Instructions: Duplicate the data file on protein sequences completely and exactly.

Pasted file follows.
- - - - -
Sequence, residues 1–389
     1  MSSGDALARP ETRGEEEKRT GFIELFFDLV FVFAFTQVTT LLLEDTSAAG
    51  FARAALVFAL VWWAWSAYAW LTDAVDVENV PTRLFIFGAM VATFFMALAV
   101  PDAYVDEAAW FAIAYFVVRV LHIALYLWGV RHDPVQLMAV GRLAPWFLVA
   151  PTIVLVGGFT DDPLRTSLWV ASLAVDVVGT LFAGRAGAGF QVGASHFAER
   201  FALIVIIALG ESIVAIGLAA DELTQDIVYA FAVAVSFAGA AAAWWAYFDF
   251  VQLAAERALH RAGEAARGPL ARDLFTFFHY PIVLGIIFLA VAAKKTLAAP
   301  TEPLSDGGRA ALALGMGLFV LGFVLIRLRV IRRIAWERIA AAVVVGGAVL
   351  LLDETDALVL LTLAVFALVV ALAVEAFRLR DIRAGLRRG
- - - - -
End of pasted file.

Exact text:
Sequence, residues 1–389
     1  MSSGDALARP ETRGEEEKRT GFIELFFDLV FVFAFTQVTT LLLEDTSAAG
    51  FARAALVFAL VWWAWSAYAW LTDAVDVENV PTRLFIFGAM VATFFMALAV
   101  PDAYVDEAAW FAIAYFVVRV LHIALYLWGV RHDPVQLMAV GRLAPWFLVA
   151  PTIVLVGGFT DDPLRTSLWV ASLAVDVVGT LFAGRAGAGF QVGASHFAER
   201  FALIVIIALG ESIVAIGLAA DELTQDIVYA FAVAVSFAGA AAAWWAYFDF
   251  VQLAAERALH RAGEAARGPL ARDLFTFFHY PIVLGIIFLA VAAKKTLAAP
   301  TEPLSDGGRA ALALGMGLFV LGFVLIRLRV IRRIAWERIA AAVVVGGAVL
   351  LLDETDALVL LTLAVFALVV ALAVEAFRLR DIRAGLRRG